The Armchair Detective stands, most evenings, at the windows of his penthouse apartment, looking down upon the dark, vibrant city. He imagines what it must be like to be God. He clasps his manicured hands behind his back and assumes a benevolent and distant attitude. Restaurants serve bountiful dinners to overstuffed businessmen. Speakeasies yawp open to flappers in beaded wraps. The theaters hawk plays and musicals; lines for tickets trail around corners, top hats and furs. Taxicabs careen, double-decker buses swerve. Boys yelling with newspapers. Cops whistling traffic. Steam from the sewers. Lights, low and hooded from tobacconists, bright and blinking from toothpaste ads. Hundreds, thousands, millions bleed from the subways, ooze down the streets. Beer trucks, klaxons, laughter, shouts, screams. No one looks up. The Armchair Detective wonders why God bothered to invent the night, as it is so damn hard to see clearly in all that darkness, a darkness against which great struggles are made. The Armchair Detective knows he could do better, if given half the chance. He stands, looking down, waiting for the telephone to ring, waiting for a new puzzle. Something impossible. Something challenging. Something requiring every ounce of his intellect. He stands and waits, looking down, trying to see, and is bored in ten seconds flat.
One of the great things Literature can do is take a literary “given” (fairytales, clichés, et al.) and dissect it, isolate it, or move it out of context to explore its further, if any, meanings. “The Armchair Detective,” like Donald Barthelme’s “The Genius,” explores those things in which we’re told God can be found–details–without providing the expected context (a crime). What one person can conclude from a set of random objects could be completely different from another person could conclude. For a few decades in early detective literature, the figure of the armchair detective was a staple: someone who never visited a crime scene but managed to solve a crime by evaluating reports, evidence, and details. Poe was perhaps the earliest to use this figure in “The Mystery of Marie Roget”; later, many authors made their living by creating such brilliant thinkers (Futrelle’s The Thinking Machine, Orczy’s The Old Man in the Corner). “The Armchair Detective” removes the crime from the story, the all-important murder plot and replaces it with random, short accounts of the detective’s eccentric life in the hope that we, as readers, can construct our own conclusions about this figure’s existence and, in turn, allow us to evaluate the banal details of life and find meaning in them for ourselves and, if possible, for the character.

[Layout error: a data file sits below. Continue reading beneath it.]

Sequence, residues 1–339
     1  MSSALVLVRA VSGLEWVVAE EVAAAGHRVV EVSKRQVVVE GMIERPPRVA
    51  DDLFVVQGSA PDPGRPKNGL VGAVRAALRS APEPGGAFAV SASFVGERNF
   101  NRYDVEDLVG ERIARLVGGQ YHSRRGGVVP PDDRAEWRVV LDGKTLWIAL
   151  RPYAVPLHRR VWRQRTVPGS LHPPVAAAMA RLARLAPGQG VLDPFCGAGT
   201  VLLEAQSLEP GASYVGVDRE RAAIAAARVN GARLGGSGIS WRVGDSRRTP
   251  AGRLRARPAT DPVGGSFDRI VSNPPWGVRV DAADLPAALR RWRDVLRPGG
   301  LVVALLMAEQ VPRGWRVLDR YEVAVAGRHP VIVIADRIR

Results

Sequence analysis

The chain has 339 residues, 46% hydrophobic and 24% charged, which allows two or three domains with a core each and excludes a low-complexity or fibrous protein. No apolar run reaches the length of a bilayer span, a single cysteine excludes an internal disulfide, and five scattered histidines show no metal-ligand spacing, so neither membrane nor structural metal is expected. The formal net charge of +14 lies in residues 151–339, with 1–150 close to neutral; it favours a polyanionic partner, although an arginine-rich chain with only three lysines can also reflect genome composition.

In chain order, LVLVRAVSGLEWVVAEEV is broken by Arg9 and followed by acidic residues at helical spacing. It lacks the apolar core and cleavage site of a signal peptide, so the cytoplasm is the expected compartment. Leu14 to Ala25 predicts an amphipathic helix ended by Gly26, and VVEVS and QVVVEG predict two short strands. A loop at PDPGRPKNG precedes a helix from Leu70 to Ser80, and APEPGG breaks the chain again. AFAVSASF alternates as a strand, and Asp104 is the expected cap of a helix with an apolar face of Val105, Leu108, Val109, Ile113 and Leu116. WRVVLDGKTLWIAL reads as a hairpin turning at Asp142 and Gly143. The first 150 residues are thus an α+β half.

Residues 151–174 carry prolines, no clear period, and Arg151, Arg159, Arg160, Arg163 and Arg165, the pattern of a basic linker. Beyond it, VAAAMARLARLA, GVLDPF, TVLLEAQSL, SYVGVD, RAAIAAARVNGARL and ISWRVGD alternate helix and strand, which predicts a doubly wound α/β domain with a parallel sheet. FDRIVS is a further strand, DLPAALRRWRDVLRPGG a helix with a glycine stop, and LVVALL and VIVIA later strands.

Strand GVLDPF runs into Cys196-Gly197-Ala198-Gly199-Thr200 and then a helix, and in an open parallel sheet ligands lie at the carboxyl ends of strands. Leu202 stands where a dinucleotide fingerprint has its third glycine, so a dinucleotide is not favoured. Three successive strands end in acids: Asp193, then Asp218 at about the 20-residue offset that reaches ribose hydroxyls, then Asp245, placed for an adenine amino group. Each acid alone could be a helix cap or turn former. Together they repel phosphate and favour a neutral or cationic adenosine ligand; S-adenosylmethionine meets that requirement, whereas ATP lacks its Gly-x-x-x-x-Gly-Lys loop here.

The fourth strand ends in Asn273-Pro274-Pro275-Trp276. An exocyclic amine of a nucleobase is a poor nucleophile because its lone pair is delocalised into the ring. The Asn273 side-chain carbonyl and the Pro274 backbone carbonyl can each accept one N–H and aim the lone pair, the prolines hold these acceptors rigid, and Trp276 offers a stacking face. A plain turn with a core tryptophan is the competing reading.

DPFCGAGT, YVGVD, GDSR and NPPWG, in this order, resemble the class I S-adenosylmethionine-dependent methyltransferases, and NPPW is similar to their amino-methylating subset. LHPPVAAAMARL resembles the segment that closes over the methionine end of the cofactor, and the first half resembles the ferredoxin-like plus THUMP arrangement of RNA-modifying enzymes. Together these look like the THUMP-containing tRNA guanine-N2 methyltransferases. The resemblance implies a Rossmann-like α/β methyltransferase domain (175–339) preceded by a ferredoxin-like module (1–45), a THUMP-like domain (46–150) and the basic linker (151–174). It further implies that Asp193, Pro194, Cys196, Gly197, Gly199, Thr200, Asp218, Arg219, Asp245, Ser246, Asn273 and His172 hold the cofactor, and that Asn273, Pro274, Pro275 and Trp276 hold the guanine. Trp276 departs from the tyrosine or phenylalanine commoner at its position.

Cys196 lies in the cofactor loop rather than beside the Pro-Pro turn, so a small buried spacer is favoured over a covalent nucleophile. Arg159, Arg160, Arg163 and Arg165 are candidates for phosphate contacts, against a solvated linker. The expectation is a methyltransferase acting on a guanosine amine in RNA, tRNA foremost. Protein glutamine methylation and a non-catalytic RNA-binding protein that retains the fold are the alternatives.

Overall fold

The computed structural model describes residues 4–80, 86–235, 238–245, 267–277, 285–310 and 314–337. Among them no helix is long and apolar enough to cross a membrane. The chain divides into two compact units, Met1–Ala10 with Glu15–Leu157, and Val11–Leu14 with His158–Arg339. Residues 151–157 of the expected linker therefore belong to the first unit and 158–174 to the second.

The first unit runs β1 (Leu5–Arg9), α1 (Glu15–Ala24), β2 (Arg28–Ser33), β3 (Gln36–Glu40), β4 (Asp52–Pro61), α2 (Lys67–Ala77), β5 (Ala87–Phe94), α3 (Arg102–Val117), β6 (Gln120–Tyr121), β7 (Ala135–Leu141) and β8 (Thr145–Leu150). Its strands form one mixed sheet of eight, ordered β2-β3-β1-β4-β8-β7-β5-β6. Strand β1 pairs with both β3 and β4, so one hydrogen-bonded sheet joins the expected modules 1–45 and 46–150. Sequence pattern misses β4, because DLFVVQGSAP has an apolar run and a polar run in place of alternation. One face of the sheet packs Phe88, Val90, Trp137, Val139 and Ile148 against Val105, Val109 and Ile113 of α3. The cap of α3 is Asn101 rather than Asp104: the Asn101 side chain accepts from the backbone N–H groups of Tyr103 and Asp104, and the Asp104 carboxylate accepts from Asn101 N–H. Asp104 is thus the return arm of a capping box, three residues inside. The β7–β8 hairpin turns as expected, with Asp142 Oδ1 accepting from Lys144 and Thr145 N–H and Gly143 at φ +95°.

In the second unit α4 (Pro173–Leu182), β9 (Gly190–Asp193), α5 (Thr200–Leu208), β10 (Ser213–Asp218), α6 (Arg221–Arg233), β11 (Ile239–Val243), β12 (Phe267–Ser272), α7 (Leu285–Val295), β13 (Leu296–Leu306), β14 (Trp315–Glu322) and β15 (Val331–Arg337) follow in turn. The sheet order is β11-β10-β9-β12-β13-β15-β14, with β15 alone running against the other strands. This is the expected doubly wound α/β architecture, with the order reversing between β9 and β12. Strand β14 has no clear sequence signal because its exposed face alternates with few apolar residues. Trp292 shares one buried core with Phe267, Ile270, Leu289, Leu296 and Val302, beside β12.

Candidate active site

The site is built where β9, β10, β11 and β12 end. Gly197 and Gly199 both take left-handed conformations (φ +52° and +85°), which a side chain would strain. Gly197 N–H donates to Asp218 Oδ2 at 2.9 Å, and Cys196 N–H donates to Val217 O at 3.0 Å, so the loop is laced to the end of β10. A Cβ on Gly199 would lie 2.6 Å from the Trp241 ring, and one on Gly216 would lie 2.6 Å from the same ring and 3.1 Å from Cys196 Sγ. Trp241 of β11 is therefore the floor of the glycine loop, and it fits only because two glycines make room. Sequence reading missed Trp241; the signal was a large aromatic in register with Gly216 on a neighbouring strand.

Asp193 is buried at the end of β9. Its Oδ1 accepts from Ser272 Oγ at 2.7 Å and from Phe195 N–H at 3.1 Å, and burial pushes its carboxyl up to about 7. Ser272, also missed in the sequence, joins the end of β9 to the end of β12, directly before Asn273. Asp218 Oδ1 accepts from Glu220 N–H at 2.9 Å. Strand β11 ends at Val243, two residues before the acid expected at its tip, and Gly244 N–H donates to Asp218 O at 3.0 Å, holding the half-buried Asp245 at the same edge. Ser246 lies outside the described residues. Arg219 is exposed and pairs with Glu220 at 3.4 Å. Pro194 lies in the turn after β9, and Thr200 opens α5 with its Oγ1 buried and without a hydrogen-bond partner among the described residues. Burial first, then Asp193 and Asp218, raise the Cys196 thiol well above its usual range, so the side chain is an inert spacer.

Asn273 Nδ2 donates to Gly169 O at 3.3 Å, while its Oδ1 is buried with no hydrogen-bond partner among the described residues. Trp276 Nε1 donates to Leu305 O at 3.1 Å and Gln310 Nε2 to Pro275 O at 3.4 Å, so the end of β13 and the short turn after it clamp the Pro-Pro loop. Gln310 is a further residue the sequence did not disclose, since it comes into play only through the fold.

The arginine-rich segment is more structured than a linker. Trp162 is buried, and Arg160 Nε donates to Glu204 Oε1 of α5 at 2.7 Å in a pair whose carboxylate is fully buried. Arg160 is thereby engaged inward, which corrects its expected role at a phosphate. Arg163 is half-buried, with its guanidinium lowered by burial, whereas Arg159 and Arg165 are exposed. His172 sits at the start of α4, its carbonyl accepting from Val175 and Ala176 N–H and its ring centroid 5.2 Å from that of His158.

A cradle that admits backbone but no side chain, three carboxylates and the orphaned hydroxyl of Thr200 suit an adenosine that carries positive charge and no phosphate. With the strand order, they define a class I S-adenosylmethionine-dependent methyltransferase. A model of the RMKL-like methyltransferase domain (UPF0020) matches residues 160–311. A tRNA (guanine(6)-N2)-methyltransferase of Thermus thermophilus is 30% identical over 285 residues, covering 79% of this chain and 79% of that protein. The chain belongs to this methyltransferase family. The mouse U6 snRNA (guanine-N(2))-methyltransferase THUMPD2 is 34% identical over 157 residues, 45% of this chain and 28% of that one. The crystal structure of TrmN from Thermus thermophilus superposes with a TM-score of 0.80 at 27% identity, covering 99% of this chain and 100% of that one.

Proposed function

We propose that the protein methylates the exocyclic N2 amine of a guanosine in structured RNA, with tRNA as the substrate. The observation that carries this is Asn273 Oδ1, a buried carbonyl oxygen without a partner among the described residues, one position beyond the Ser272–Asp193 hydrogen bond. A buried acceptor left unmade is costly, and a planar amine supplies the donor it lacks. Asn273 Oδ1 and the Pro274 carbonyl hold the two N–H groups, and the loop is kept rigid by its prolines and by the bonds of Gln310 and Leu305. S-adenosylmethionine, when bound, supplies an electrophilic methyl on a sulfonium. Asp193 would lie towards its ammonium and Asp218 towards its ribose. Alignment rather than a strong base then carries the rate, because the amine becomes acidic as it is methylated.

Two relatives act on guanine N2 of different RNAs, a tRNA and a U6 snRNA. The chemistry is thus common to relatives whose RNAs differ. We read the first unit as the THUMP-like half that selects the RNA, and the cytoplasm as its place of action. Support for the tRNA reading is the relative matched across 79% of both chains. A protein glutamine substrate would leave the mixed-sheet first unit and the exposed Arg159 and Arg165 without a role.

Jon Steinhagen is a Chicago-based writer and actor, Resident Playwright at Chicago Dramatists (www.chicagodramatists.org), a finalist for the first Noël Coward Award (2010), winner of the Julie Harris Playwriting Award in 2009 for his comedy The Analytical Engine, and a nationally produced playwright and composer/lyricist. He wrote the book, music, and lyrics for the musical The Teapot Scandals, which received a Jeff Award nomination for Best New Work (and was a featured question on Jeopardy!). His plays include Vexations, Something More Comfortable, Dating Walter Dante, ACES, Ponzi on Sunday, Blizzard ’67, Running With the Pack, and Deb and Debra, as well as the musicals The Arresting Dilemma of Mr. K, Emma & Company, Inferno Beach, and People Like Us. His film essays have been published in Playbills to Photoplays (New England Vintage Film Society) and his short fiction has appeared in >kill author, Monkeybicycle, and other publications. He is a member of The Dramatist’s Guild and the Chicago Federation of Musicians, an artistic associate of Porchlight Music Theatre, and a company member of Signal Ensemble Theatre (www.signalensemble.com).